A majority of Americans including 63 percent of Republicans, 83 percent of Democrats and 72 percent of Independents support a federal paid family leave policy, according to the latest survey released by the Independent Women’s Forum (IWF).
The strong support for paid family leave is not surprising because American workers no longer want to choose between paying their bills and caring for their loved one or dealing with their personal health problems.
Currently, the United States is the only industrialized country that does not have a law that ensures workers have access to paid family and medical leave. The country’s existing Family and Leave Act requires large companies to offer their employees up to 12 weeks of unpaid leave to care for a baby or sick family member.
The survey showed that most Americans want lawmakers to have common ground principles in an effort to enact a federal paid family leave policy. These common ground principles include:
- Workers should have as much control and flexibility as possible over the benefits that would arise from a paid family leave legislation.
- A paid leave policy must remain budget neutral over the long term and should not increase the financial burden on those who choose not to have children and do not need the benefit.
In a statement, IWF president Carrie Lukas, commented, “American want a paid leave approach that threads the needle — providing support for parents who need it, but without unfairly shifting costs to others, growing government, or discouraging employers from providing benefits on their own.”
On Wednesday, the Democratic-controlled House Ways & Means Committee held a hearing on paid family and medical leave. Lawmakers from both political parties as well as the White House agree that it’s time to address the issue to help workers and employers succeed.
Ivanka Trump, the daughter and senior adviser of President Donald Trump, has been pushing for a bipartisan agreement on paid family leave, which is one of her major policy initiatives.
Democrats and Republicans are willing to work together to expand access to paid family leave
In his remarks during the hearing, House Ways & Means Committee Chairman Richard Neal noted that since the FMLA became law 25 years ago, American workers have taken leave over 200 million times. He also noted that fewer than 10 percent of employers had problems complying with the law. In fact, many reported that the FMLA helped them reduce turnover and improve workers’ morale.
According to Cong. Neal, the FMLA “was an important first step” because it “provided most workers with access to unpaid leave.” However, it is impossible for middle-class workers especially those on the lower end of pay scale to take unpaid leave to care for a family member or deal with serious personal medical problem. According to him, middle-class workers often struggle to make ends meet. They simply cannot afford to take unpaid leave. If they do, they have to cut it short.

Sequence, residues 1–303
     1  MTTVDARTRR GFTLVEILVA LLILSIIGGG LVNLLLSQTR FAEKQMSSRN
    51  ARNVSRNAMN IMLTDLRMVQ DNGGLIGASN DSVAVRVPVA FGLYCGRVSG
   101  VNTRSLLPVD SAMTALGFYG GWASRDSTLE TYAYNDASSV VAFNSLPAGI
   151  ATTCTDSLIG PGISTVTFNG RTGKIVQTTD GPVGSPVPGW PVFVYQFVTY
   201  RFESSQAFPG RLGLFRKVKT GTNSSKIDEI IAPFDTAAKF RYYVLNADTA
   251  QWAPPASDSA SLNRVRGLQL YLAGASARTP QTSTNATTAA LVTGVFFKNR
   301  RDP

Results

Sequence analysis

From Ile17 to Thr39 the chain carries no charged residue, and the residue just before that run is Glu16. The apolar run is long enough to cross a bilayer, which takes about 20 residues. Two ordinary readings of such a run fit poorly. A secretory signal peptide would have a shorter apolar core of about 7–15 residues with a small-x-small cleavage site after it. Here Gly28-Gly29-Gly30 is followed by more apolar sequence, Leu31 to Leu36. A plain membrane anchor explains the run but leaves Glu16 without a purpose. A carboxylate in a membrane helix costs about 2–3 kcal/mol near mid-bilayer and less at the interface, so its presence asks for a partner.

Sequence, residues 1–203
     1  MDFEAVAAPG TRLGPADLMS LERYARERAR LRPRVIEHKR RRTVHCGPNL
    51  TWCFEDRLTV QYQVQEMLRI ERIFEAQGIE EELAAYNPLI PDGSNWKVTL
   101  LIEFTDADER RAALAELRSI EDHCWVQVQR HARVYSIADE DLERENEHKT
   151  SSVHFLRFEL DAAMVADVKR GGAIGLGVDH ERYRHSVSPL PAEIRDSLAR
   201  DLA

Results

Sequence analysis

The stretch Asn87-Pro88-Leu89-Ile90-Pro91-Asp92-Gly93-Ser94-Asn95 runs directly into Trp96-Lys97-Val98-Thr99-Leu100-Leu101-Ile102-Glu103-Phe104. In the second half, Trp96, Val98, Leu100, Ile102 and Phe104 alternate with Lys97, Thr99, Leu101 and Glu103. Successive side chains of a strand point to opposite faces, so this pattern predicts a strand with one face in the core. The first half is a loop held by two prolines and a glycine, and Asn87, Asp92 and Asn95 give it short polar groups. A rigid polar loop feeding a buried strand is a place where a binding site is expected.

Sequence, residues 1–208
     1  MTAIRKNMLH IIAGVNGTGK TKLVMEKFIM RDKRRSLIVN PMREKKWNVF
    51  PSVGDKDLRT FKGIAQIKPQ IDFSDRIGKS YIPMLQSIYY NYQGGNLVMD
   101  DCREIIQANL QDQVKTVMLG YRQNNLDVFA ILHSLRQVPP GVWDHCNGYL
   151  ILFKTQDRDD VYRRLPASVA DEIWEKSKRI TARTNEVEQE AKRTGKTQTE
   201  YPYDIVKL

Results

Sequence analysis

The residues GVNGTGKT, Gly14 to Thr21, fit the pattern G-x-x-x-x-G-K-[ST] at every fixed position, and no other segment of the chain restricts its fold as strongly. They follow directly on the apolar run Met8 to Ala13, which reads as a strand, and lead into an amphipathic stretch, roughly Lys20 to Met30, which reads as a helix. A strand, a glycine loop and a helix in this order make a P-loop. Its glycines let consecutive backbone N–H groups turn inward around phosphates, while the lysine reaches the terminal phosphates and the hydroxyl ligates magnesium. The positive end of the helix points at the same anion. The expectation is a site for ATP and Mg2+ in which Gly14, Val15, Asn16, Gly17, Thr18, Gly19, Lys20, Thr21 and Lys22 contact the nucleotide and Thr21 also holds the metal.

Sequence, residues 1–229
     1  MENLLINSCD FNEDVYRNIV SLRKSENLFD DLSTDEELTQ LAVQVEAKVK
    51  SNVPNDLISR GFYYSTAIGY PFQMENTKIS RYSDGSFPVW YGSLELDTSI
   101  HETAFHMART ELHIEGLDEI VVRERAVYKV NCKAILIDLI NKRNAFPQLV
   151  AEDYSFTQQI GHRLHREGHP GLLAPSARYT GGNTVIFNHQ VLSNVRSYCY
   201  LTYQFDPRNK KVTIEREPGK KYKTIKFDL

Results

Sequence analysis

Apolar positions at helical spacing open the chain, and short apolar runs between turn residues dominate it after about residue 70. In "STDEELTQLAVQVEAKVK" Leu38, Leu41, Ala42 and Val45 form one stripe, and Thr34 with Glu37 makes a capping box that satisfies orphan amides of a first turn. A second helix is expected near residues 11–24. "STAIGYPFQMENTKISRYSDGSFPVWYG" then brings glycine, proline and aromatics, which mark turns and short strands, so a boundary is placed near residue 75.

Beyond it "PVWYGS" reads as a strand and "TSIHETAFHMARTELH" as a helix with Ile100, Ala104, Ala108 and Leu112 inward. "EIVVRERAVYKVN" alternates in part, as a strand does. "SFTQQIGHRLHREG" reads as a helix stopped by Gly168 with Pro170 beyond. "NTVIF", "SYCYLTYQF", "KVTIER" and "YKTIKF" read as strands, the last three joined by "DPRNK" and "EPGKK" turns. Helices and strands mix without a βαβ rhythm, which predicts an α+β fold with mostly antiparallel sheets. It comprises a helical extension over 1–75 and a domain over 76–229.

“Fewer than half of American workers currently have access to employer-provided medical leave, and only 17 percent can receive paid parental or caregiving leave through their employers,” said Cong. Neal.
Additionally, Cong. Neal emphasized, “Lack of paid leave doesn’t just harm workers and their families. It also makes it difficult for employers to recruit and retain good workers. Many small business owners would like to provide paid leave, but can’t without the backstop of a state or federal program”
“And the lack of access to paid leave hurts our economy by forcing talented, hard-working people to take a step back in their careers or drop out of the labor force entirely.”
Furthermore, Cong. Neal said some of the largest states already implemented comprehensive paid leave laws. The progress made by states does not excuse Congress from taking federal action on the matter. American workers have spoken loud and clear that paid family and medical leave is important.
The Congress hears them and ready to move forward to find a solution.
In his remarks, Cong. Kevin Brady, the top Republican on the House Ways & Means Committee, said they “support expanding access to paid family and medical leave, and hope to work with Democrats and President Trump to find the right way to help families balance work and family.”
In addition, Cong. Brady said “Republicans created the first national tax policy on paid family and medical leave” under the Tax Cuts and Jobs Act.
“The Paid Family and Medical Leave Tax Credit reimburses businesses up to 25 percent of the cost of providing paid leave to their workers. In this first-ever pilot program, businesses can get help for offering up to 12 weeks of paid leave,” said Cong. Brady.
The Paid Family and Medical Leave Tax credit is set to expire this year and he is encouraging his fellow lawmakers to make it permanent.
He concluded his remarks by saying, “Today the question isn’t whether to expand paid family leave, but how best to achieve it…”
Right now, lawmakers from both parties are enthusiastic and have put forward different paid family leave policy proposals. It appears that they are willing to set aside partisanship and pass a bill that is in the best interest of working families, employers, and the country’s economy.